Is what I'm experiencing now worth living or should I spend the time recording instead?
I've struggled with this a lot. Do I experience the moment, running the risk that my volatile memory will fail to maintain the experience, or do I record it, running the risk of not really experiencing it? And what value is the recall of the experience, anyway?
Taking photos while traveling is a great example. Most tourists love taking photos, as if somehow reproducing existing photographs but with a much lower quality camera and much less skill and aesthetic sense served any purpose whatsoever. They see the objects they are photographing through the lens of the viewfinder (or, even worse – I get chills – a 2.5" LCD screen) which is no different than sitting in front of their computer at home and looking at images on Google. They don't experience these objects; they don't experience being in their presence.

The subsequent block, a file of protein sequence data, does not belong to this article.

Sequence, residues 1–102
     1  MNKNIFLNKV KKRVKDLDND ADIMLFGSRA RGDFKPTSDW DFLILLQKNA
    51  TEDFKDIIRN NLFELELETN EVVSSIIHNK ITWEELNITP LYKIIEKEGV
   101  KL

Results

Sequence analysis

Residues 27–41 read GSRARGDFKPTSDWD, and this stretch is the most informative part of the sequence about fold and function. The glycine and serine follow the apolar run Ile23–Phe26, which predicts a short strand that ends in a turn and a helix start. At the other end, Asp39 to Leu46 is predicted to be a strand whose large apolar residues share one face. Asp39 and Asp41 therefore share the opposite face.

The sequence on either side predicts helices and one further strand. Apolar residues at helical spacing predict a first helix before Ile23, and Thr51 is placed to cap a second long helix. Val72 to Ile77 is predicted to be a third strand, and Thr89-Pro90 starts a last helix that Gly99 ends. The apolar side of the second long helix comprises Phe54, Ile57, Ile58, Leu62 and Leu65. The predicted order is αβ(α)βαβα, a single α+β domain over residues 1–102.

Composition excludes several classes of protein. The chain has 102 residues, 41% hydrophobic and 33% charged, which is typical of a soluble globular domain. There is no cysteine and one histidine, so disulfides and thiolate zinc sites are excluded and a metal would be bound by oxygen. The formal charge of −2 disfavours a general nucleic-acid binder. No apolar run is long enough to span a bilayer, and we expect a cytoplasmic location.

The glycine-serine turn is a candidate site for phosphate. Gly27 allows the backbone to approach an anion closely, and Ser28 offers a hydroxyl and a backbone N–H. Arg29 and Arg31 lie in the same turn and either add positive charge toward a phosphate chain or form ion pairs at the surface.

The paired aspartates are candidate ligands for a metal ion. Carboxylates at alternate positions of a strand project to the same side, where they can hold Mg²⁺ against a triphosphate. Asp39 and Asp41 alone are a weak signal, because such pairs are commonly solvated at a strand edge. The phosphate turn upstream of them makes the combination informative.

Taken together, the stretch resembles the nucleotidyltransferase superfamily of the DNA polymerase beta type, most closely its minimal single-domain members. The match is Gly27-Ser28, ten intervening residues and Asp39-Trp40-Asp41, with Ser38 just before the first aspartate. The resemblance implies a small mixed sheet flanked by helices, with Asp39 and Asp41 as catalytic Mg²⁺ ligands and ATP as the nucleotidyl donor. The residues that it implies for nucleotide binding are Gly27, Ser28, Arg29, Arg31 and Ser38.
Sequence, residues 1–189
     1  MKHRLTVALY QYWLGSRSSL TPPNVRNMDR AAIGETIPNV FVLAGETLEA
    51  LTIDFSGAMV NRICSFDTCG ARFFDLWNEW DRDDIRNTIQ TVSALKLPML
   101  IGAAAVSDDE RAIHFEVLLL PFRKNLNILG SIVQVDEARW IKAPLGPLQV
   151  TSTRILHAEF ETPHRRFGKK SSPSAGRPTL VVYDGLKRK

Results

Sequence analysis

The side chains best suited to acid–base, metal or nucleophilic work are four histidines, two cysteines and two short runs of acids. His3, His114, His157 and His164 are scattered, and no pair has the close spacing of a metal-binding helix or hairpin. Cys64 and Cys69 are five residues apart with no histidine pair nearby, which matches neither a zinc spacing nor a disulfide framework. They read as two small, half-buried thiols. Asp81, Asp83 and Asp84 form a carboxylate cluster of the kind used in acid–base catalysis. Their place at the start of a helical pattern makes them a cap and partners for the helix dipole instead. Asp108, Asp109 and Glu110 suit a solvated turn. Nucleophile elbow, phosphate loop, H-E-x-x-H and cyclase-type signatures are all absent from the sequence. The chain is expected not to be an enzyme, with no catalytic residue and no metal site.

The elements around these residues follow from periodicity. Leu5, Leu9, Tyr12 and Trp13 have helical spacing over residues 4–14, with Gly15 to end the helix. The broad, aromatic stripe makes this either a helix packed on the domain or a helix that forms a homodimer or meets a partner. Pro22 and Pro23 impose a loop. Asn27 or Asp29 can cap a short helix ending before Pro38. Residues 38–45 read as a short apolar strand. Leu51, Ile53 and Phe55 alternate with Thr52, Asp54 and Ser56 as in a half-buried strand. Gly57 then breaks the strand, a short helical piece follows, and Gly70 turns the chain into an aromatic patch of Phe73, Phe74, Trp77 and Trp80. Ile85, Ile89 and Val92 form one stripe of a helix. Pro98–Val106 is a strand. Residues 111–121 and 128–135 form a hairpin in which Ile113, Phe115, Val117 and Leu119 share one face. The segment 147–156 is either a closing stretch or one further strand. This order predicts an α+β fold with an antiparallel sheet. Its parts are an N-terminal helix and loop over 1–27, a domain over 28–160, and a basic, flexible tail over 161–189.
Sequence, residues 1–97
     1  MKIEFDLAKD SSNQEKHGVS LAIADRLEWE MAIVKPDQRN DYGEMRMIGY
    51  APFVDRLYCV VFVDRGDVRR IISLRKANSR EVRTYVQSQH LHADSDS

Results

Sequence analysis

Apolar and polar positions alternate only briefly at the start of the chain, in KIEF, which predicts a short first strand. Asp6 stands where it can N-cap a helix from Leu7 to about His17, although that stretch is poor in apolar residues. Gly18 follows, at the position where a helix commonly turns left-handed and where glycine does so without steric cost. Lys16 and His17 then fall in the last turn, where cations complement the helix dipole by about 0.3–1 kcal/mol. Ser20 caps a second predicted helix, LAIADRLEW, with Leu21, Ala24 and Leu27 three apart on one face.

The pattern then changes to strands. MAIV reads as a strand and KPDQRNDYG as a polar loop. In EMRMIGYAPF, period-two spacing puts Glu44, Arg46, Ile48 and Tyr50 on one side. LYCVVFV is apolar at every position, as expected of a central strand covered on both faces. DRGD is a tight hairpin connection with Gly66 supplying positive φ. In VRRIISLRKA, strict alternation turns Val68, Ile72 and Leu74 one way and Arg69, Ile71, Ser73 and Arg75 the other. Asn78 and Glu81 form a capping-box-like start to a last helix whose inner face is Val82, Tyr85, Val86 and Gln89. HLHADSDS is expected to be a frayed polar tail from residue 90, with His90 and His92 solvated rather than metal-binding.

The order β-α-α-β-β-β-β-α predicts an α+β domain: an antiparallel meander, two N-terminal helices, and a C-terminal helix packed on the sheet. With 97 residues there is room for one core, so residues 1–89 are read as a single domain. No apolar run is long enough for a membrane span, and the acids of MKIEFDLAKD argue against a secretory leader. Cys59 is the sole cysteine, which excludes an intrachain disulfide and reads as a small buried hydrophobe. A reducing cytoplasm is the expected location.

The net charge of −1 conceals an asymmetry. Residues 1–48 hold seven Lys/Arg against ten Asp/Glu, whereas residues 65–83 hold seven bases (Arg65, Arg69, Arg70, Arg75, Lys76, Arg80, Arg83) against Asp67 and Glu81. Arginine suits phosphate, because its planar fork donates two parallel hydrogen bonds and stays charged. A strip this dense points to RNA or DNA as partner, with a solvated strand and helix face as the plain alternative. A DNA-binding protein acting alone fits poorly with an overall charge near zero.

I've traveled a bit and the best experiences I've had were those that I didn't take pictures of.
Most people have this irrational romanticized idea of going through all the pictures they ever took when they are sixty-five, with their grandchildren on their lap. First of all, most of the pictures people take are crap; why on Earth other people, especially those two generations away from us would be interested in seeing them at all baffles me. We'll likely never see them ourselves either; and again, if we do, we need many fewer to trigger those great memories.
Ultimately, I have settled for some 5-95% split between recording and experiencing. It's useful to write down a few bullet points to maybe expand on the idea in the future: in fact, most of the posts on this blog came from short phrases I wrote down for my future self to discover and think about further. But the value of the experience, even if it is only a fleeting, present value, is immense. When I'm sixty-five, I'll be happy remembering the fact that I've experienced so much, even if the individual experience have long been lost in the darkness of my fading memory.